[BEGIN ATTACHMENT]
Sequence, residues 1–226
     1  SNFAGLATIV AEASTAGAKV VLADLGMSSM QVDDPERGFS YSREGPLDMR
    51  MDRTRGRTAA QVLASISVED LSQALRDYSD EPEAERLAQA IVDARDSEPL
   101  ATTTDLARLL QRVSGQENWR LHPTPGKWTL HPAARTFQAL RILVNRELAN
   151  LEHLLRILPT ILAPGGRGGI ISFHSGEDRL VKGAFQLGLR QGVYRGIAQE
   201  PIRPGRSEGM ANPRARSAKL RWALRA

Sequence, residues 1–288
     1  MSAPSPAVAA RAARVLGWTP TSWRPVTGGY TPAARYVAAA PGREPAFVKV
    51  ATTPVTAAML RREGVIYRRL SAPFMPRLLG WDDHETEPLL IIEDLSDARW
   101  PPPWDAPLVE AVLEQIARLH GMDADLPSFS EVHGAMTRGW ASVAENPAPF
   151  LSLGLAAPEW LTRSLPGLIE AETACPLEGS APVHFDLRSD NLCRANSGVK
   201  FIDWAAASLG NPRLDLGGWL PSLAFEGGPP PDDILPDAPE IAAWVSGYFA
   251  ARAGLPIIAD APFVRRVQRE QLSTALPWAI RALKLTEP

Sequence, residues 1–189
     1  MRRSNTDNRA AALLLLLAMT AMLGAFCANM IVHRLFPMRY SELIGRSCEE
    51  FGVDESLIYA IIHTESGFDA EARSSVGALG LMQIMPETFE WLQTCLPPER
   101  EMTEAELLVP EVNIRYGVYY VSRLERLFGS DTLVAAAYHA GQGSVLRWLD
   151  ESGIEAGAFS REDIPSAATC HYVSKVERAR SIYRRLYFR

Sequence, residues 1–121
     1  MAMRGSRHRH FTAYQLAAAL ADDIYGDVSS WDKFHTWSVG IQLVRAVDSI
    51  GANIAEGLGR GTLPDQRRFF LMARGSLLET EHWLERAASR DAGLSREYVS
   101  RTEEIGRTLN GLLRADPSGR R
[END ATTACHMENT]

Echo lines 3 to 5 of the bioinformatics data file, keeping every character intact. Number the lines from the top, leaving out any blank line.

    51  MDRTRGRTAA QVLASISVED LSQALRDYSD EPEAERLAQA IVDARDSEPL
   101  ATTTDLARLL QRVSGQENWR LHPTPGKWTL HPAARTFQAL RILVNRELAN
   151  LEHLLRILPT ILAPGGRGGI ISFHSGEDRL VKGAFQLGLR QGVYRGIAQE